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Mid-Century Modern Landscape Design

See how this home got a mid-century modern landscape design to match the architecture of the house.

A video transcript featuring Joseph Huettl, Huettl Landscape Architecture

This project involved a mid-century modern home which was built by the developer, Joseph Eichler. Eichler was a developer who after the mid-century and post-war, he decided to do some modern concepts in his developments, and this house exemplifies that. He used different architects along the way, but the main thing his houses had was a lot of indoor-outdoor relationships with glass walls. Some of them have atriums and the houses really take advantage of the California climate and the potential for outdoor living. Unfortunately, as these neighborhoods have aged, many people have remodeled their homes over time and compromised the aesthetics, and otherwise they just haven't taken advantage of that indoor-outdoor relationship.

On this project, the homeowners are very big fans of the Eichler style and aesthetic and wanted to extend that out and take advantage of the size of the lot to increase their outdoor living. We incorporated a series of walls, allowing us to define spaces to create buffer between them and the neighbors. And part of it was to capture an additional front yard space and create a courtyard effect where one did not exist before.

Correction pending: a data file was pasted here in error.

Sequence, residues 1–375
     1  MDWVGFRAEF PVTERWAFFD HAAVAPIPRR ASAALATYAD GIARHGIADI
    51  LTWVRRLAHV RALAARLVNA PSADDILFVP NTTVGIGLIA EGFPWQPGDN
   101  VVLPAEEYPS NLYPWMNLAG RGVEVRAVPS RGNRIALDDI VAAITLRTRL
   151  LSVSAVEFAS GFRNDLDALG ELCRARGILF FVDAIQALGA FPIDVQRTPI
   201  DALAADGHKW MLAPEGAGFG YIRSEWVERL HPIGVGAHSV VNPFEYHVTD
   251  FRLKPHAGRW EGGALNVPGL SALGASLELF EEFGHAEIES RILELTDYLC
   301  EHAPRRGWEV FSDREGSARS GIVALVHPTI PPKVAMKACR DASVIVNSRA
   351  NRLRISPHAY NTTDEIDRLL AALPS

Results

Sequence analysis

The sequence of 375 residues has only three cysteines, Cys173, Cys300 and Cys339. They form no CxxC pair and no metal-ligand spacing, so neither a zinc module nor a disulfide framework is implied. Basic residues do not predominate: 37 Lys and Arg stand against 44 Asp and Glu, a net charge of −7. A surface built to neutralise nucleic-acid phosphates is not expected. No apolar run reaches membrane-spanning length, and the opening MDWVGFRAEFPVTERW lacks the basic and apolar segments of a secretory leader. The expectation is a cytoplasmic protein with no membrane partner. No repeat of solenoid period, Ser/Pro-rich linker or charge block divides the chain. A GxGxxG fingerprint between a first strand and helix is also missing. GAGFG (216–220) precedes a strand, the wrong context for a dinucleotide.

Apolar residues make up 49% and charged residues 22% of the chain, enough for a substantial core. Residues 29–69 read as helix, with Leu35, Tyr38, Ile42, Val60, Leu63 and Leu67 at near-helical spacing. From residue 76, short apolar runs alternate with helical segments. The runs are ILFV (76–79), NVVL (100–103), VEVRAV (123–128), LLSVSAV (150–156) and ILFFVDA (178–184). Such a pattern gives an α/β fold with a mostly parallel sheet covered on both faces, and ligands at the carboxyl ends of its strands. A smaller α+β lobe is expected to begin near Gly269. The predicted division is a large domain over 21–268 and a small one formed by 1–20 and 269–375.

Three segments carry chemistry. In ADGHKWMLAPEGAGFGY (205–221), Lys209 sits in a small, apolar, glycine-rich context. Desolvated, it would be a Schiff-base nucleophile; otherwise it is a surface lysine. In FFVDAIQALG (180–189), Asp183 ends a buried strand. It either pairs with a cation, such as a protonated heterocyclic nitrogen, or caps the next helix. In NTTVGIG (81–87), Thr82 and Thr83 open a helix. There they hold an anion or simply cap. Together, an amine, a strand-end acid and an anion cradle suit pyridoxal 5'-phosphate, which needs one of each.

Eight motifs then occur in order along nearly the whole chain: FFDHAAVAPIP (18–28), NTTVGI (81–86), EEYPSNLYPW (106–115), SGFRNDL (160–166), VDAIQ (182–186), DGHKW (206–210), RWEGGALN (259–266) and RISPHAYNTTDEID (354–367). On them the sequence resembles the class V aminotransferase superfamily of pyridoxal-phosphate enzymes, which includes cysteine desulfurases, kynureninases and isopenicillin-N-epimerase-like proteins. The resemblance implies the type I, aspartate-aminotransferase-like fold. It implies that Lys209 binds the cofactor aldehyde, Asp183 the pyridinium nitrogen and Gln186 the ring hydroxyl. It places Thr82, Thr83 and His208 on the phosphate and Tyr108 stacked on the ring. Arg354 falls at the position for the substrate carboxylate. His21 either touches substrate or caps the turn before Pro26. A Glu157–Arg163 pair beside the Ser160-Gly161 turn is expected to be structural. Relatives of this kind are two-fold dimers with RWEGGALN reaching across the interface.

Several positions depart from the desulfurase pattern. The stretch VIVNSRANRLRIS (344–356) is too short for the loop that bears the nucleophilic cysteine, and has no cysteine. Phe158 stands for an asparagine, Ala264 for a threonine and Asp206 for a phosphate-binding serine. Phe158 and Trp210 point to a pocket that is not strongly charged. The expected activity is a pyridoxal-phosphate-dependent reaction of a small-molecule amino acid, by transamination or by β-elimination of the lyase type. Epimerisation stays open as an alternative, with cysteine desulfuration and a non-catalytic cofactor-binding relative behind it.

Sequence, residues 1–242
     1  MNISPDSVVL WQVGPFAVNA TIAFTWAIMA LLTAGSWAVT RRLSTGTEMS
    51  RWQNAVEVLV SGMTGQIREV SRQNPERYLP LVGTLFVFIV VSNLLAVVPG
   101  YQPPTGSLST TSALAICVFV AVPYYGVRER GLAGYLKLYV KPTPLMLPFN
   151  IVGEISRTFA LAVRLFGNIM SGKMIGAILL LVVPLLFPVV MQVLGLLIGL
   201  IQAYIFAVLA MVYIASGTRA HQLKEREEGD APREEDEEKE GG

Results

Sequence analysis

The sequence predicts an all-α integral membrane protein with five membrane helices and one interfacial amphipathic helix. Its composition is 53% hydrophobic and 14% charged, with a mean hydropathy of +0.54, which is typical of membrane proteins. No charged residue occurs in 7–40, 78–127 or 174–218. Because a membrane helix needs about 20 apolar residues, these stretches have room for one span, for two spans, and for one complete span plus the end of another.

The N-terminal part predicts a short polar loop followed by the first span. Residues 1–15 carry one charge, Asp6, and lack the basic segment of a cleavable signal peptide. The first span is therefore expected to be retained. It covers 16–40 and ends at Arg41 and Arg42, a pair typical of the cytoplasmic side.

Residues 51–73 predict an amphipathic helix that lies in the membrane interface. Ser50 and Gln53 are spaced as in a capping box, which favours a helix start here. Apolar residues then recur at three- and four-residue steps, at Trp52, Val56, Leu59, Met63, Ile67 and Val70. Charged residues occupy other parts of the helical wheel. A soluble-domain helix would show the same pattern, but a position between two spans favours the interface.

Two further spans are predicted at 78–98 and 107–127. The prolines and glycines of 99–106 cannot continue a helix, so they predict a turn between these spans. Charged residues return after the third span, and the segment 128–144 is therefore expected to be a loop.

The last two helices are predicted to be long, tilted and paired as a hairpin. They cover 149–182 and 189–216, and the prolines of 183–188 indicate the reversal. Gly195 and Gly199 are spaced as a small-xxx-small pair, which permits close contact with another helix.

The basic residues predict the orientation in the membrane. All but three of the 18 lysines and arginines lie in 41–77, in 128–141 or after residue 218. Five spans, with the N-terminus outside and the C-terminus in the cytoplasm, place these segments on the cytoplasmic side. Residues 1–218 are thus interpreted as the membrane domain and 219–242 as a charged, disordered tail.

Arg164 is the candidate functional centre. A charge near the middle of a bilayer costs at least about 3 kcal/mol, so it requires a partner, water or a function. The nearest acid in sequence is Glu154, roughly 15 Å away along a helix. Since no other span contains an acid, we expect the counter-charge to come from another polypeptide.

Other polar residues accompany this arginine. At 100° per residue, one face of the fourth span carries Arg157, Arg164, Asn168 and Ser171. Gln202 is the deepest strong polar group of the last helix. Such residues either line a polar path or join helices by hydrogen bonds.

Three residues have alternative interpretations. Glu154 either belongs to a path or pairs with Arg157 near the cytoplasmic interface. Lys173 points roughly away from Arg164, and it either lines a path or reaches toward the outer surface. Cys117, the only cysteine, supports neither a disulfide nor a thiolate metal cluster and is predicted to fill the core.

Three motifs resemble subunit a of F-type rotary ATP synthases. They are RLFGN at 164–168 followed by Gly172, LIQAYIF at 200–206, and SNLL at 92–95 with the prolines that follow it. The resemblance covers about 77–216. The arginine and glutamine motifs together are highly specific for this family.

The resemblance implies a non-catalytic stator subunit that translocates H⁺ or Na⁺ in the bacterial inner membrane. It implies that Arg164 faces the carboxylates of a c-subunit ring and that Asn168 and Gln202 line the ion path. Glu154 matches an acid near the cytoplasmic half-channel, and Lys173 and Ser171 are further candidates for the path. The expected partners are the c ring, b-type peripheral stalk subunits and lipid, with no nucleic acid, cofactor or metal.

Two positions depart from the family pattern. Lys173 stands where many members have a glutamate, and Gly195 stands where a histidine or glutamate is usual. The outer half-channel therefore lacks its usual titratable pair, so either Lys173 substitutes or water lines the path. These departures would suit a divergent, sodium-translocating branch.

Wall design and materialsWhen we started the project, they had this wonderful Hollywood Juniper tree that was quite sculptural. They had an existing small outdoor patio, and then they just had a lot of junipers and the patio didn't really provide any privacy. And they wanted to really utilize the potential for living outside in the front yard. One of the techniques for doing that was to create these series of walls, and we designed these walls to be this sculptural composition of overlaps, and we used two materials. One was a ground-faced block which has been integrally colored, and that blockwork has been used in the past with Eichler and mid-century homes. We wanted to use blockwork, but we wanted to upgrade the material, and by finding a ground-faced block you get a very smooth surface and it just has a higher-end feel than a regular block. And then to contrast the grid of the blockwork, the walls that are perpendicular to the house are of a steel-troweled stucco. So you have these overlapping junctures where you get to see the materials play off each other.

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